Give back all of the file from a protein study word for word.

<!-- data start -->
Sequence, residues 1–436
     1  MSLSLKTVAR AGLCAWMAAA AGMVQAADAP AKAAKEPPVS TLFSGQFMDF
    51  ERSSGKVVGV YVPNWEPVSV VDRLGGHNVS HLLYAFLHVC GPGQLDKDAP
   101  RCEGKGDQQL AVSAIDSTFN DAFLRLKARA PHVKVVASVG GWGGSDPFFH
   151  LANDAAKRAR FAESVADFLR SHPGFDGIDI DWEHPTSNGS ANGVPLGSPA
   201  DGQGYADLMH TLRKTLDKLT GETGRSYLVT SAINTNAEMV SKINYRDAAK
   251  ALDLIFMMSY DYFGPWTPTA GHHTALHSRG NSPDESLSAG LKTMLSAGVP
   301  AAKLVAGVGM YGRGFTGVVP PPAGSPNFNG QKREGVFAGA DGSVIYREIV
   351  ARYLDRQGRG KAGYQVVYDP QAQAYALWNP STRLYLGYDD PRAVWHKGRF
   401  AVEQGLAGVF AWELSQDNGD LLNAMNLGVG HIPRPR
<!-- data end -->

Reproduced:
Sequence, residues 1–436
     1  MSLSLKTVAR AGLCAWMAAA AGMVQAADAP AKAAKEPPVS TLFSGQFMDF
    51  ERSSGKVVGV YVPNWEPVSV VDRLGGHNVS HLLYAFLHVC GPGQLDKDAP
   101  RCEGKGDQQL AVSAIDSTFN DAFLRLKARA PHVKVVASVG GWGGSDPFFH
   151  LANDAAKRAR FAESVADFLR SHPGFDGIDI DWEHPTSNGS ANGVPLGSPA
   201  DGQGYADLMH TLRKTLDKLT GETGRSYLVT SAINTNAEMV SKINYRDAAK
   251  ALDLIFMMSY DYFGPWTPTA GHHTALHSRG NSPDESLSAG LKTMLSAGVP
   301  AAKLVAGVGM YGRGFTGVVP PPAGSPNFNG QKREGVFAGA DGSVIYREIV
   351  ARYLDRQGRG KAGYQVVYDP QAQAYALWNP STRLYLGYDD PRAVWHKGRF
   401  AVEQGLAGVF AWELSQDNGD LLNAMNLGVG HIPRPR